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Ideas/Tips/Inspiration

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Can’t Keyboard? Use Morse Code Instead

A few months ago, I accepted a challenge: Design a way for people who can’t easily use a keyboard to create text for applications such as Word, OpenOffice, eBay, or Google via Morse code. It takes only two fingers to create them, and learning to send Morse code proves easier than learning to receive it, which requires much practice. See how I used a $10 Cypress Semiconductor CY8CKIT-059 MCU board to mimic a USB keyboard but without software drivers, code libraries, or special USB-interface ICs.

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Transformer Based Power for Nixies

Nixies were introduced when vacuum tube hardware automatically provided the high voltage they require. These days, circuitry typically runs on five volts or less, so finding the +170V or so for Nixie anodes can be a bit of a challenge. Here are three transformer based ways to obtain that high voltage in line-powered semiconductor-based devices.

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An Easy CATV Coax Antenna

A few years ago, we brought you a story about a guy building ham radio antennas from aluminum crutches. Now, he's using cable TV coax for his dipoles.

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Static Discharge Helps “Cure” Audio Amplifier

After trying different things to troubleshoot an intermittent problem with my MicroBITX kit (multi-band, software-defined ham radio transceiver), it turned out static discharge was the answer to my problems

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Battery Pack Failure Modes I Have Known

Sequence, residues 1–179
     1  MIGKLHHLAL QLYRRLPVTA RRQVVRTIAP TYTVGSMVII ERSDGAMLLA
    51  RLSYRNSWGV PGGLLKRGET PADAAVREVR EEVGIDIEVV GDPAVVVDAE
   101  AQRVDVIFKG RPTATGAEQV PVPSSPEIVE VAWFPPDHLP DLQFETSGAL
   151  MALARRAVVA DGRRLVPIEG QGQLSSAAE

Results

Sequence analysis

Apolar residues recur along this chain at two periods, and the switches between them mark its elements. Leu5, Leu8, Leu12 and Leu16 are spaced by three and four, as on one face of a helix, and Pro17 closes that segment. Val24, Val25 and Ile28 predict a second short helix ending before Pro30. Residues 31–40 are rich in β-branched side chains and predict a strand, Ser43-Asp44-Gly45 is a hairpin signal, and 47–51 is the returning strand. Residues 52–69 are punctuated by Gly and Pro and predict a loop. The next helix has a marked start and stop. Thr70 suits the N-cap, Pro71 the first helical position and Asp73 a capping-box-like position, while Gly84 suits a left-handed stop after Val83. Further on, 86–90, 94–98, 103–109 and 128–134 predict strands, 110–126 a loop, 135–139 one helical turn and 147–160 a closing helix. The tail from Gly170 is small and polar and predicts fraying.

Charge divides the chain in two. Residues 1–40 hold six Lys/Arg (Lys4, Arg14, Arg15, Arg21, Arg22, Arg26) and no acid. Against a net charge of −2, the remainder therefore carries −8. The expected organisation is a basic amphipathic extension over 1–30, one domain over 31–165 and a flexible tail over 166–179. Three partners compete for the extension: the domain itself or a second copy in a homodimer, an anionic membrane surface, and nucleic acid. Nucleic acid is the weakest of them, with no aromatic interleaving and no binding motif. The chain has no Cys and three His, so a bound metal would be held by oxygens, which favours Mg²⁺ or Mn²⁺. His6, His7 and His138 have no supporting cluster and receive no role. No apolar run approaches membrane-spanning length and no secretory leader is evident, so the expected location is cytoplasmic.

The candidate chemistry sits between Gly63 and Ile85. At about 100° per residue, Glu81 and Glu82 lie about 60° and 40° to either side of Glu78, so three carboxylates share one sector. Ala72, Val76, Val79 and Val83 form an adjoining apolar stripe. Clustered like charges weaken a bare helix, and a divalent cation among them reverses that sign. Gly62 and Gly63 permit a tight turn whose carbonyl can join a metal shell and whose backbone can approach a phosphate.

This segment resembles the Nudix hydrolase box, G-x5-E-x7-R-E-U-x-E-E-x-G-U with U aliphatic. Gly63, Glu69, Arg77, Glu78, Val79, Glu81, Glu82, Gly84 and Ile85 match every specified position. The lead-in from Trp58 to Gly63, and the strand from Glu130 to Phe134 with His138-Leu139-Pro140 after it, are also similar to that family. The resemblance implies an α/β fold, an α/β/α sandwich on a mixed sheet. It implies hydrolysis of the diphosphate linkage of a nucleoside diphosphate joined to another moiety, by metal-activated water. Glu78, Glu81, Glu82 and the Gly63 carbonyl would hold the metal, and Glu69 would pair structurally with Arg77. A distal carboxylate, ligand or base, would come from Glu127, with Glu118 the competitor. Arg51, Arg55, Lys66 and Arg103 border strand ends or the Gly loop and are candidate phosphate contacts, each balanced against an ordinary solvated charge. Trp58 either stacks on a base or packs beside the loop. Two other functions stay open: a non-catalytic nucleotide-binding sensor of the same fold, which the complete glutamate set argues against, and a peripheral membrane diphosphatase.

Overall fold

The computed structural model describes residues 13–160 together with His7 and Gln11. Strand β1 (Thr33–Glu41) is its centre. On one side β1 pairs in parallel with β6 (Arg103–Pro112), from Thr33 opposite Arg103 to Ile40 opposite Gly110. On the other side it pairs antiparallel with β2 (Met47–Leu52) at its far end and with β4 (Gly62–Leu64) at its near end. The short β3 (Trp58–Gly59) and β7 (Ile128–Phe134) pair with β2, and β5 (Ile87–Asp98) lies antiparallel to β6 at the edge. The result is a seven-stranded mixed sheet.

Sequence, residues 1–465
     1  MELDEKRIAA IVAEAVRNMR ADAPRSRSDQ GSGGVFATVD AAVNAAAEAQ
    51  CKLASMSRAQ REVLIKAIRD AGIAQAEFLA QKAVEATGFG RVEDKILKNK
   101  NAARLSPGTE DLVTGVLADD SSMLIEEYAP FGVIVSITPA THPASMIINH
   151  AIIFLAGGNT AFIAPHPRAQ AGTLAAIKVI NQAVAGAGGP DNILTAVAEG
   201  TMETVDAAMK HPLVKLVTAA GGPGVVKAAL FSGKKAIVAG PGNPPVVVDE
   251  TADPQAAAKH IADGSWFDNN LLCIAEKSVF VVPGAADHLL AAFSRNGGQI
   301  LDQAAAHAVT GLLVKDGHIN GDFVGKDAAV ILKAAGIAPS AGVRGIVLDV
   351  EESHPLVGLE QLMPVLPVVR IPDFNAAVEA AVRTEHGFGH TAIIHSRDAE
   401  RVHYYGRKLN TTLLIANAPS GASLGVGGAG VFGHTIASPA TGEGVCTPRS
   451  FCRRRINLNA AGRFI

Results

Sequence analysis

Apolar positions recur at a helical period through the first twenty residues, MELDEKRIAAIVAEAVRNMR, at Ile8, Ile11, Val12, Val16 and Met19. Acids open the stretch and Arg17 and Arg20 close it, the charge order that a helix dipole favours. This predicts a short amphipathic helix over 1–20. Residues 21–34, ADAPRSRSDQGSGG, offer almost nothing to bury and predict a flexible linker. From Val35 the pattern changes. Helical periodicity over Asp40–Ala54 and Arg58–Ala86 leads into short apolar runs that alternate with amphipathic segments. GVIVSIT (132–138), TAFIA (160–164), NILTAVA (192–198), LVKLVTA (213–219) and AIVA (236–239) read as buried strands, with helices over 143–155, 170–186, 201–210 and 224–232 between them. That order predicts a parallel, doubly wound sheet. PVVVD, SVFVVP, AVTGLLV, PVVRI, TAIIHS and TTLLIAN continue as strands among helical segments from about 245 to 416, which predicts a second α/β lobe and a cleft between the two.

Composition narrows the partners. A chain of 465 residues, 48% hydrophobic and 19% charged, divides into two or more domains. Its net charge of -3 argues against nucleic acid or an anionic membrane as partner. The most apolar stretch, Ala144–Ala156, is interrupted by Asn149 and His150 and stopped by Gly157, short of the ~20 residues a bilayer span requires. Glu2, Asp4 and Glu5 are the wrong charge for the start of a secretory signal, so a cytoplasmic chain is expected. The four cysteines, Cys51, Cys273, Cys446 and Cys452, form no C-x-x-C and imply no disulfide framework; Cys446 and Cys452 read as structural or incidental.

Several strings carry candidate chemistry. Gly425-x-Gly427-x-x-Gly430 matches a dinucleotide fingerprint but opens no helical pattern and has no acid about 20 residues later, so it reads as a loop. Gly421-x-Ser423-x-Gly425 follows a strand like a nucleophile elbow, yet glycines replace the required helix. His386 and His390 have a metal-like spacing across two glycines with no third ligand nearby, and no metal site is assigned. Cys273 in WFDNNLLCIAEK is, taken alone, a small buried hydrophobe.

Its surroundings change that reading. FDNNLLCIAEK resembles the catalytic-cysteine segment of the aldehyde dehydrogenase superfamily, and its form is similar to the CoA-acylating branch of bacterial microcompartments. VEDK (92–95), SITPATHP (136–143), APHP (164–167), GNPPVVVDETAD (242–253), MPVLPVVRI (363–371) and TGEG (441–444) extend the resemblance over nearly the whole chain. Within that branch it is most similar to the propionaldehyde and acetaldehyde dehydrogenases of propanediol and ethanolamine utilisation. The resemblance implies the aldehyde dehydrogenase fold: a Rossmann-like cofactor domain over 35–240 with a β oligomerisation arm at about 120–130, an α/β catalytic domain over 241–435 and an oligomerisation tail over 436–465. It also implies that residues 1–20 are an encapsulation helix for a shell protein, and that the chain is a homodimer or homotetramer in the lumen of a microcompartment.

Keeping your batteries ready for action in your ham radio hobby is something we all have to deal with. How much does “memory effect” come into play with recharging? Does it really exist? Let’s look at some different failure modes and what might really be behind them.

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Copper Cobweb Circuit Construction

Are you bored with conventional two-dimensional circuit layouts, or looking for a way to add an artistic flair to your next project? I’ve taken point-to-point construction style a step further by making it self-supporting, which opens up a wide range of physical circuit topologies. (Point-to-point construction usually uses supporting structures like terminal strips that are functional but not pleasing to the eye.) I call this construction style the copper cobweb. Here’s how to do it.

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LEDs for Operational Status and Troubleshooting

Even when a circuit functions as it’s supposed to, it’s not always easy to tell what it’s doing. Plus, waiting for an output (especially if there’s a long delay involved) is not always practical. Conversely, if a circuit does not function, the only means to find out what’s wrong is to troubleshoot it with either a multimeter or oscilloscope. Wouldn’t it be great if the circuit itself could tell us more directly what’s wrong?

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